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Mike M
05-16-2007, 10:05 PM
I live in an untapped market, so I don't think I can find a facility to rent a trencher made for lighting cable. I bought a "slammer" and have some nice shovels, but I can't imagine doing 200 feet of turf manually (recent request by a customer).

I need a trencher built for the job. This is a question I already posted a while ago, but again, what product is the way to go? I can invest some money, but I am just starting out.

Also, I pounded some 1 inch conduit under a sidewalk, but what exactly is the most efficient and professional way to do this? I was told an auger, but what kind?

Thanks in advance,

Mike

Oh yeah, does anyone out there sharpen their manual install tools?

High Performance Lighting
05-16-2007, 10:21 PM
Get yourself a nice heavy duty long flat blade garden spade and forget about the power tools. 200' is not that long . I have done 6 acre projects alone by myself with no power tools and with my trusty garden spade and hand trowel only. I'm working on two multi acreage properties right now . One for a very famous musician who'd you all know. Both of these are pre-wire during landscape construction jobs so some of the labor is saved by installing in sprinkler trenches if i'm lucky enough to be on the project the day the landscapers have the trenches open, the rest is all hand dug with trenching shovels and an occasional pick ax. I'm busting my ass out there and you are complaining over a 200' run. Really it's not that bad and it goes fast with a flat blade through turf grass. Get her down about 6". I don't know what kind of "slammer" you got but where I'm from that word has several different connotations none of which are pretty or suitable for this forum.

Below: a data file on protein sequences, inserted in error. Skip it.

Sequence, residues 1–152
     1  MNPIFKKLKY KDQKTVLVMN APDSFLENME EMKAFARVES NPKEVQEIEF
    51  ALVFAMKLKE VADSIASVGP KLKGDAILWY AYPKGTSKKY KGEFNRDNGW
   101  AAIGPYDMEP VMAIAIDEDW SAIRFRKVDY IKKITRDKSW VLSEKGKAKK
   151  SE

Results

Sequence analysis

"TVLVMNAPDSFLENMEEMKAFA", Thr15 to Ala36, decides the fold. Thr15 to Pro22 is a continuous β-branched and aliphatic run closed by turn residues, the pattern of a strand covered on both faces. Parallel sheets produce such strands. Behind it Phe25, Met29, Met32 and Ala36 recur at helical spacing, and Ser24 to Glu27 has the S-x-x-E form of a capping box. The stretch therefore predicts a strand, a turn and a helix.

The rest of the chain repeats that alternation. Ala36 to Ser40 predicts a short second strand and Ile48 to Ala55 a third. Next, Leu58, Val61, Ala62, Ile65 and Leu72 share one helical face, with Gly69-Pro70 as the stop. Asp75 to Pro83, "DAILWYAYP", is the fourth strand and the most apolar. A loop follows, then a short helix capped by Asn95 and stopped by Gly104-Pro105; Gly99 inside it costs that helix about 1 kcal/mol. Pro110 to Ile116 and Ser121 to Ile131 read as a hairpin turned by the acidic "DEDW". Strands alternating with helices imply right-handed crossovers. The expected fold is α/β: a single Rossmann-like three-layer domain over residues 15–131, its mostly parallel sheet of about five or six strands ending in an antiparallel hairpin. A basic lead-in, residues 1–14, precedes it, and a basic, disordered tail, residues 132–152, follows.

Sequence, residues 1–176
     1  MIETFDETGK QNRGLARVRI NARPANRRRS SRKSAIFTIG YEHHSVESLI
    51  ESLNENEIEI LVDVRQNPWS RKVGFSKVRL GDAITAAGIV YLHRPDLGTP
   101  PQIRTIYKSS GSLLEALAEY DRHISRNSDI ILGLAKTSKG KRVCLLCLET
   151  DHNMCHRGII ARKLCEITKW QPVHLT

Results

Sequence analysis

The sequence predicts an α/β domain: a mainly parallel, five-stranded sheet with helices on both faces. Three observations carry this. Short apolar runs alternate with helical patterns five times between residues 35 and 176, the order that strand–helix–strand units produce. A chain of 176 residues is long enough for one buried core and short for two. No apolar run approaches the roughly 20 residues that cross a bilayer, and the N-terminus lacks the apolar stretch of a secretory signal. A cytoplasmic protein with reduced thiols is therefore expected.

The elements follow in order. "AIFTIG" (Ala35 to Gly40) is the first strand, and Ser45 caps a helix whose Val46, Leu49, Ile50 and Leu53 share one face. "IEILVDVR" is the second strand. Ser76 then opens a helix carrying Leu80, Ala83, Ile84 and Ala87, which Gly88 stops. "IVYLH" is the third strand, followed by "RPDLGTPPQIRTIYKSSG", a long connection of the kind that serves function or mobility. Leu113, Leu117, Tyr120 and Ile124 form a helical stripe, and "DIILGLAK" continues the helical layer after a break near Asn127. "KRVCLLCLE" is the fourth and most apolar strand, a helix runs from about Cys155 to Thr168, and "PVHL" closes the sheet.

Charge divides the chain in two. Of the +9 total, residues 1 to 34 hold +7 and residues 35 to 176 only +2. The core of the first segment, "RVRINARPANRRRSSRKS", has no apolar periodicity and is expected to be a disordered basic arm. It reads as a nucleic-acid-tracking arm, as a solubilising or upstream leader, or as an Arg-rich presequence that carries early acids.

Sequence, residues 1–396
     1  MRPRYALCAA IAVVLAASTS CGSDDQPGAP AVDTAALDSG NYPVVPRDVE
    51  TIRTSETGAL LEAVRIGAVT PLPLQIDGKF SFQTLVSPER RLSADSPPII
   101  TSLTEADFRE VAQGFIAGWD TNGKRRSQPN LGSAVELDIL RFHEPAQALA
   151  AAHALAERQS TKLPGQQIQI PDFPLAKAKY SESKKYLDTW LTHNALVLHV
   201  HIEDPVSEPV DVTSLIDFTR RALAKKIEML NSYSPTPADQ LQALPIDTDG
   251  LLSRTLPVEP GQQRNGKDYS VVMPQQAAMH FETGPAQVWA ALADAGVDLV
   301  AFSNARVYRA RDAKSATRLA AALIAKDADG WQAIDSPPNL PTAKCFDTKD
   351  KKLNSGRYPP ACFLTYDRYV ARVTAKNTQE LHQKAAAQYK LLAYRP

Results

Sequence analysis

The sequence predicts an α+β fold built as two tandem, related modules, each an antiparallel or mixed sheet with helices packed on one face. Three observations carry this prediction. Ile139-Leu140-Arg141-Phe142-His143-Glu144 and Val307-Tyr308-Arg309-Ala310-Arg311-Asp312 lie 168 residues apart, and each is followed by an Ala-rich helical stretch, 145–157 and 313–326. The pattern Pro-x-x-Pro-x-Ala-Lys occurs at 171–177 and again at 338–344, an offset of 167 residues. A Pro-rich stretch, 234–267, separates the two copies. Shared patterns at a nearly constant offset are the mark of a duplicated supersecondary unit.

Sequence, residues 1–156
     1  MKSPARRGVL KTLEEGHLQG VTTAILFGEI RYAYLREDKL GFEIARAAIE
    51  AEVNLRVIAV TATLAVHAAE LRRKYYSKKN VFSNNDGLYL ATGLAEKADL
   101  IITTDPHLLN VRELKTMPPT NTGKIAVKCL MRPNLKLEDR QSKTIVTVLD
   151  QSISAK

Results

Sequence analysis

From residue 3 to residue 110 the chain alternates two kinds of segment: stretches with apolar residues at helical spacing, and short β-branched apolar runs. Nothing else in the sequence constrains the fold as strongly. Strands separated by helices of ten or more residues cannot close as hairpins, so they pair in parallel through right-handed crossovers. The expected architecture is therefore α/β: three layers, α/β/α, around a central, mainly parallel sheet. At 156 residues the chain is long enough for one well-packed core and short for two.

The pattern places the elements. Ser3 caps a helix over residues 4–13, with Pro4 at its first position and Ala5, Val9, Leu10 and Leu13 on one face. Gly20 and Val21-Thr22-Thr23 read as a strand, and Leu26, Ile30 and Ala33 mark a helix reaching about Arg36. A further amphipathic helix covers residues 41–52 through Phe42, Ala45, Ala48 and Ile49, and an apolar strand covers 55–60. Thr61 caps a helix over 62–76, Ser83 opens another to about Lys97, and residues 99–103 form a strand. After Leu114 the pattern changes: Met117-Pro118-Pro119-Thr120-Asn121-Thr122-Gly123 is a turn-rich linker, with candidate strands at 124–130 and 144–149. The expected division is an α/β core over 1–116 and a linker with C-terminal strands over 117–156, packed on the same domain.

Chris J
05-17-2007, 12:17 AM
:laugh: :laugh: :laugh: :cool2:

extlights
05-17-2007, 12:45 AM
We have the ez trench. We don't use it much, but when we do, it's well worth it. We bought it about 3-4 years ago for around 2 grand I think. I think now most Home Depots actually rent them, so if a trencher is really needed you could check there. Don't buy one...it's not worth it for the few times you'll break it out. As far as getting under walkways....we do the same thing....Just pound some pipe through if it's needed.

Lite4
05-17-2007, 01:14 AM
Hi guys, I also hand trench all my stuff. Ya know some days you just feel lazy. I have given some thought to a trencher, Possibly the line ward brand. But most of the time I group multiple strands of wire in 1 trench usually next to a foundation where you just aren't going to take a machine. For getting under walkways check out a product called EZ-SLEEVE. The thing is freekin awesome. You can pound a sleeve under a walk in a matter of a couple minutes.

David Gretzmier
05-17-2007, 02:20 AM
jeez, the guy asks for advice on a trencher and you guys lecture on laziness. you kill me. no wonder so few folks post here. If the guy wants to make his day easier, let him buy an ez trench. it's not about calling him a whiner, "I do 2 acre jobs by hand in the snow by myself uphill etc", it's about time savings.

it is simply quicker to use a sharp spade than to do the ez trench and then clean up the mess it makes.

I love hard work, but when I look across that yard, and it ain't rained in a while, let's just say it is not very fulfilling to me to spade 200 ft of hard soil. I'd love to have a small walk behind vibratory plow for runs across turf. those guys that lay cable for the cable companies have them and they are QUICK.

Mike M
05-17-2007, 05:48 PM
I bought this installation tool (file attached), but I had to cut my turf with a stick edger, then use my manual edging tool, before I could use this, and it was still tough going through. We've been having a drought, and I'm going through centipede turf. Should I sharpen this thing?